Toby* came to see me because his parents asked if I could help him with his nervousness about his upcoming A level exams. However, the cause turned out to be something they hadn’t expected.
When I see young people under 18 they always have an adult with them, normally one of their parents. Sometimes the challenge isn’t to get the young person to speak, but to get the parent to let them. Toby’s mum was a prime example of this – she said that she’d give me some brief background but brevity wasn’t her strength.
“Toby got excellent results at GCSE” she told me “and the school have predicted excellent A level grades as well – that’s why he’s going to Imperial in London. It’s not Oxbridge but it’s a top university for his subject. That’s why it’s so important to us that he has to overcome these nerves and achieve his full potential.”
One thing I’ve found over the years is that whatever people say when they come to see me reveals something about them or their situation. Quite often it’s in their throwaway comments, or things they don’t even realise they’ve said. Toby’s mother was no different in that respect, and her being there meant I could get an idea of the relationship between them.
“Stop telling everyone I’m going to Imperial. It’s an offer not a guarantee, and Exeter is just as good.” Toby had spoken at last, and in his first twenty words had pretty much confirmed to me what was behind his exam nerves.
A level courses can have particular problems, especially when people have done well at GCSE. Having to work harder to learn can feel as if your ability has gone, and that can be daunting and isolating. Add to that the pressure of being expected to do well and the result can be a collapse in their confidence.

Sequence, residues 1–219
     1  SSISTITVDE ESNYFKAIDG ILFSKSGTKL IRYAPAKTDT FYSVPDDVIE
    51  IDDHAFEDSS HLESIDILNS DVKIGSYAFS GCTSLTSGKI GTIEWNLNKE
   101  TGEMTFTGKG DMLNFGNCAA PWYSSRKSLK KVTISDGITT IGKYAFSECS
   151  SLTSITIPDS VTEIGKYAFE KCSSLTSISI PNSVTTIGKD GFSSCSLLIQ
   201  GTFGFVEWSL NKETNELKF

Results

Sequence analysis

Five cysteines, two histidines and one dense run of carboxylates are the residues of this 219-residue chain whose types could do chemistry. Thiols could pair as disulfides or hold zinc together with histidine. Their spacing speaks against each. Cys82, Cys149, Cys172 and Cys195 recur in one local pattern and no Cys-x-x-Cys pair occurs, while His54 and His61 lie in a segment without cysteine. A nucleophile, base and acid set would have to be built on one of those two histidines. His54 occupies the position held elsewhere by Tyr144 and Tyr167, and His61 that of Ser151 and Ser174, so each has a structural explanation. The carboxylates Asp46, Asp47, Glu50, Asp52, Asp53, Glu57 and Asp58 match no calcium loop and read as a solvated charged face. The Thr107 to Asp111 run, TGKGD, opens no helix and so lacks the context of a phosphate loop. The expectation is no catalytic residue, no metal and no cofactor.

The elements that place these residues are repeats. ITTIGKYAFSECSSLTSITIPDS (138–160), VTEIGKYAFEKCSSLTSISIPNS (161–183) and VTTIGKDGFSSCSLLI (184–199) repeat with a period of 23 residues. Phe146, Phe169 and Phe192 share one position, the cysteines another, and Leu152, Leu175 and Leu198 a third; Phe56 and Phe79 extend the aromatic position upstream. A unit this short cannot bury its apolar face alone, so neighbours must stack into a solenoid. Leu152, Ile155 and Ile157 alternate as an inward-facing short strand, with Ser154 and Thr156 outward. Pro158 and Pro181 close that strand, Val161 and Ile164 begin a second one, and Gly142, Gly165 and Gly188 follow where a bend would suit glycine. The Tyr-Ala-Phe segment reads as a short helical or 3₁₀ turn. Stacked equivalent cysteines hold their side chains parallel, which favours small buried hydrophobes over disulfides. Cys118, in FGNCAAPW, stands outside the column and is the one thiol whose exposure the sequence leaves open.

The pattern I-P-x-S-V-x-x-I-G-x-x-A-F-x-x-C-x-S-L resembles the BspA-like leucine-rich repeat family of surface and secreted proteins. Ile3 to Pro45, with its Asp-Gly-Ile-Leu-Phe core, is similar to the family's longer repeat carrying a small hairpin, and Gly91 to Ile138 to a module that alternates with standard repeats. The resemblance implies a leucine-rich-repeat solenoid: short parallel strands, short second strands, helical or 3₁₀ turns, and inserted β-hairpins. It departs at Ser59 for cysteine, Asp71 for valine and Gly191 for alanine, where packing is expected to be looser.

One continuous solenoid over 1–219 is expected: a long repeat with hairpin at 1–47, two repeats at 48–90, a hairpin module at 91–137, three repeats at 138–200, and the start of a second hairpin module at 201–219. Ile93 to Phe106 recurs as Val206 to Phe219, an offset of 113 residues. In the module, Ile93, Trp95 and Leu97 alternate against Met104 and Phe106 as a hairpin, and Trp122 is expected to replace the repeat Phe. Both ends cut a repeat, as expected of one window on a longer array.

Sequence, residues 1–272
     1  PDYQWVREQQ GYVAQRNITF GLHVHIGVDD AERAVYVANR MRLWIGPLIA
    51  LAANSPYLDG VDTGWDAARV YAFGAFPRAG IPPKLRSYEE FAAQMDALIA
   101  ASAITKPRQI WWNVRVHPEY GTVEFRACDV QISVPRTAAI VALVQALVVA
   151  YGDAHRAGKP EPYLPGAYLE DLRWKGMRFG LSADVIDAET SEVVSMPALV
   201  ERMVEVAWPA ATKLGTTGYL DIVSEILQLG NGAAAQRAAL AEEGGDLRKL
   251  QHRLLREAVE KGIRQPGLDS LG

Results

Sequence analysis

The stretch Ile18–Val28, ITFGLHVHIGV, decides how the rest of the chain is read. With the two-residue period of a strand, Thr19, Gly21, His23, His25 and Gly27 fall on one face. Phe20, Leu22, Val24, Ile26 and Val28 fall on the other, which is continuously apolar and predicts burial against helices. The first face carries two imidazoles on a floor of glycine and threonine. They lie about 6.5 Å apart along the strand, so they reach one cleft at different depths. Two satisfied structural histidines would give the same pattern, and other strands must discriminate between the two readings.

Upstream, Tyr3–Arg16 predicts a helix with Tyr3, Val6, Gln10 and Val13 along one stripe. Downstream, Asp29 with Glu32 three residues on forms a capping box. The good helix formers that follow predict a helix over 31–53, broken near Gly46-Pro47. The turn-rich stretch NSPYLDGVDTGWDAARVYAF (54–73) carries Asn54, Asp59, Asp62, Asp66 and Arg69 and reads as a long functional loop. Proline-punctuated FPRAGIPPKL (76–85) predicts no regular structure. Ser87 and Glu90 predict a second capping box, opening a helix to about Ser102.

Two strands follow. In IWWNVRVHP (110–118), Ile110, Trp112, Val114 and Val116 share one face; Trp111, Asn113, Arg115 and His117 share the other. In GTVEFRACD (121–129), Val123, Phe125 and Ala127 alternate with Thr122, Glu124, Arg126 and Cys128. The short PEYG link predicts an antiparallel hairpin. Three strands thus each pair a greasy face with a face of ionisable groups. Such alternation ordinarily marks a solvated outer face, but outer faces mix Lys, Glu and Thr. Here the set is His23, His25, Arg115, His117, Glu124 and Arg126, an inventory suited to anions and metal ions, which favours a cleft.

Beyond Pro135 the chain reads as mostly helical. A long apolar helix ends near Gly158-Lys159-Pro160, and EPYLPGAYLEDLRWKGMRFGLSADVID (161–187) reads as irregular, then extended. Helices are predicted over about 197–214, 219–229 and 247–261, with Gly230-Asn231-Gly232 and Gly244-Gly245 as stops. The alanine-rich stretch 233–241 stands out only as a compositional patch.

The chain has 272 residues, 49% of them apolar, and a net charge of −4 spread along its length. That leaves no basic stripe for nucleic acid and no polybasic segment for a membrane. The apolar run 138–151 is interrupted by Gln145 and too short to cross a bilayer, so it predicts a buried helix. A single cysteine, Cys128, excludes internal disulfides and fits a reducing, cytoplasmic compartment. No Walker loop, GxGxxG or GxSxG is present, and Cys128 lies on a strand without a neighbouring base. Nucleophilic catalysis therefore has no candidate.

This was behind Toby’s exam nerves too. He was finding the course harder than he’d expected and had thought that meant he wasn’t good enough. He hadn’t told his teachers, who thought that he wasn’t making the effort, and he hadn’t told his parents because of the pressure he felt.
Phrases like “he’s going to Imperial” and “it’s important to us” might sound trivial but they showed the way that his mother thought. What she had meant to be positive encouragement had hardened into what Toby saw as expectations. He was pulling back from studying hard because he didn’t want to get the grades for Imperial College – he wanted to go to Exeter.
With that resolved, and some advice about coping with exam stress and revision techniques, he got to grips with his studies again. The point of university, after all, is as much about the experience and learning to live independently as it is about the education. What we sometimes forget is that the learning can be for the parents as well as their children.
* Toby’s real identity has been protected, and he is happy to share his story.
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